Which is SAD.

 

An innocent American life is no more valuable than one of another nationality.

An innocent American life is more valuable than the life of an innocent civilian of another nationality. That's just the way it is.

Wow. :blink:

The only thing you should be "wow'ing" at is the incredible lack of patriotism and national pride among many American's these days. Two people are being held hostage, one is an American and one is Russian. Only one of them will live and you're the only person with the power to decide which one. Don't f***ing tell me you would pick the non-American over the American.

 

See, this analogy just shows how uncreative you are. I mean, let's be honest, if we know who the two dudes in question are, say the American is George W. Bush and the Brazillian is Pele, then dammit I'm saving Pele; and, I think, we can safely say, in my scenario at least, NO innocent life will have been lost. Problem solved.

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but that's not how it is now.

Which is SAD.

 

An innocent American life is no more valuable than one of another nationality.

An innocent American life is more valuable than the life of an innocent civilian of another nationality. That's just the way it is.

Wow. :blink:

The only thing you should be "wow'ing" at is the incredible lack of patriotism and national pride among many American's these days. Two people are being held hostage, one is an American and one is Russian. Only one of them will live and you're the only person with the power to decide which one. Don't f***ing tell me you would pick the non-American over the American.

 

This has nothing to do with patriotism and whether you like it or not, there are things in this world more important and more sacred than patriotism to ones country. The value of a human life should be one those things, irregardless of nationality.

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An innocent American life is no more valuable than one of another nationality.

An innocent American life is more valuable than the life of an innocent civilian of another nationality. That's just the way it is.

 

Wow... Just wow... I don't even know how to respond to this. I have lost what little respect I previously had for you Accord with that comment though. This is absolutly disfraceful and hopefully not an indicator of the mindset of our armed forces. If it is, I'm very fearful in the way America and the world is going. You make think this is an extreme response, but i am appalled that you could say that and actually mean it...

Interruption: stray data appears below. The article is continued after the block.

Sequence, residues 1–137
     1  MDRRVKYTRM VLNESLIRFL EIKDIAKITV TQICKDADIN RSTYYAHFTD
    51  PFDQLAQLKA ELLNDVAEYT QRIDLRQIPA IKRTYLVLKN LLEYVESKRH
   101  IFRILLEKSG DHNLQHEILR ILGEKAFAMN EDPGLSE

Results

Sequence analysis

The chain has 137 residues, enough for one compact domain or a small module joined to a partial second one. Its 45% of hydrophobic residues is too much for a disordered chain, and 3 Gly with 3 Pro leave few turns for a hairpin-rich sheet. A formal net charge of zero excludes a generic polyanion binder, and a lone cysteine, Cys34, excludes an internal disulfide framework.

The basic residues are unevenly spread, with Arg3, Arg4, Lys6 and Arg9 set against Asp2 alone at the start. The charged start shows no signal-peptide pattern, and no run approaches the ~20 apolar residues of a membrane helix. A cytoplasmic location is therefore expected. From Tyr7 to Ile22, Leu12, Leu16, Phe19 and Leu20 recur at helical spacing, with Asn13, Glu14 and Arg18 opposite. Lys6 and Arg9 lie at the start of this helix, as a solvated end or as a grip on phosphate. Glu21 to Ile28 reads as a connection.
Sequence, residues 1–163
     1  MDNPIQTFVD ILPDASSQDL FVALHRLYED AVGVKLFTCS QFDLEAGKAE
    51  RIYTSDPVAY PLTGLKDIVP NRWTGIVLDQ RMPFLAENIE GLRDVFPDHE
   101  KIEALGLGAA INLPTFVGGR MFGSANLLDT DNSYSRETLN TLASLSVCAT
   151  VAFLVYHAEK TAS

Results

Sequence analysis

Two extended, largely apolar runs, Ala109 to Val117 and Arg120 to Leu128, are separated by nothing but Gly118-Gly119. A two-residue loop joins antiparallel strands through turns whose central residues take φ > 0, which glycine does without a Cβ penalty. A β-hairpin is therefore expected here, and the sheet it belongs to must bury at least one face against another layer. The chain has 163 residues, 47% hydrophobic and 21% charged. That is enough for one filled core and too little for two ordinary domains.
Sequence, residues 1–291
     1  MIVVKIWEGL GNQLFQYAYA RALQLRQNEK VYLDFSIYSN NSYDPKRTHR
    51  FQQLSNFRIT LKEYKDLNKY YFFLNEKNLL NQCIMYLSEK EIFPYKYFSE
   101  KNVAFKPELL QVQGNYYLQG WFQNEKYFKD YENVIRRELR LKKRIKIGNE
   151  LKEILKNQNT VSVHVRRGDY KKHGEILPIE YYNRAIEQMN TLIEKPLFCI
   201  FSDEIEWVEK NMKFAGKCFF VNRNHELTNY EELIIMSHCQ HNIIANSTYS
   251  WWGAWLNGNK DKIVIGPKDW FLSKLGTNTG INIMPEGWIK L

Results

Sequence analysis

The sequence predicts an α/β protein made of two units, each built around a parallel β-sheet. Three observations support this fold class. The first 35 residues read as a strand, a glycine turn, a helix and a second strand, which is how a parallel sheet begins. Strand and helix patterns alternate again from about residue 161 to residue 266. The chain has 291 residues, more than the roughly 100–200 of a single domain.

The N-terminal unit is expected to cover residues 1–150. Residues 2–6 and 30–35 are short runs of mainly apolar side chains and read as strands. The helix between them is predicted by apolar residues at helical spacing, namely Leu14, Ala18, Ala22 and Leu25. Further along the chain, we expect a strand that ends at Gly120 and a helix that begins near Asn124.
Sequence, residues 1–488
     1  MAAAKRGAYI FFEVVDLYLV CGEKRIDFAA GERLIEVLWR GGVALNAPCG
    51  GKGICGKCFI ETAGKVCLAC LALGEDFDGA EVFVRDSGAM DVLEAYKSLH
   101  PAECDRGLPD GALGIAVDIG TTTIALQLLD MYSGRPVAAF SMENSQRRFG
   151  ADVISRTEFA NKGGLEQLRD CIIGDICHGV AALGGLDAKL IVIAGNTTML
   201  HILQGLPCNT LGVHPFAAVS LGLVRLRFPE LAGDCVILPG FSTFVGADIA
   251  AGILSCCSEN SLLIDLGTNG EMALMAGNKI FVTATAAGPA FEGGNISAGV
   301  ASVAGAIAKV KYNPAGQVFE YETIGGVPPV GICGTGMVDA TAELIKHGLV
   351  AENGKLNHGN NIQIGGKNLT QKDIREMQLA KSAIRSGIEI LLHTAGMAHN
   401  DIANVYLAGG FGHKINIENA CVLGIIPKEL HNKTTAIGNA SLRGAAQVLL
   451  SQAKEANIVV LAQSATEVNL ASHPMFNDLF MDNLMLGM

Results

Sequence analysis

See, here's the thing:

 

We're fighting more than just the war in Iraq.

 

Over here we're fighting a war or the spirit; of thoughts and ideas. That evolution did not stop with our thumbs and that there are things of merit aside from national boundaries. Some people will not understand this. Because they have not, truly, evolved. I'm not namecalling, and maybe I am but dressing it up a bit, but I totally believe this to be true. I do not think a sane and rational person could give someone merit based on where they were born and live.

 

Same analogy: TWO Americans are to be executed, you have to decide which one. One was born in America, however, while the other one became a citizen and just happened, WHOOPS, to have been born in Afghanistan and IS a Muslim (meaning: there's high likelihood that they're on some terrorist watchgroups hit-list). Who do you choose?

 

Tough to say. Because the world is not black and white. American and un-American, like that. And there are things to be considered aside from this stupid "we live here" mentality.

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An innocent American life is no more valuable than one of another nationality.

An innocent American life is more valuable than the life of an innocent civilian of another nationality. That's just the way it is.

 

Wow... Just wow... I don't even know how to respond to this. I have lost what little respect I previously had for you Accord with that comment though. This is absolutly disfraceful and hopefully not an indicator of the mindset of our armed forces. If it is, I'm very fearful in the way America and the world is going. You make think this is an extreme response, but i am appalled that you could say that and actually mean it...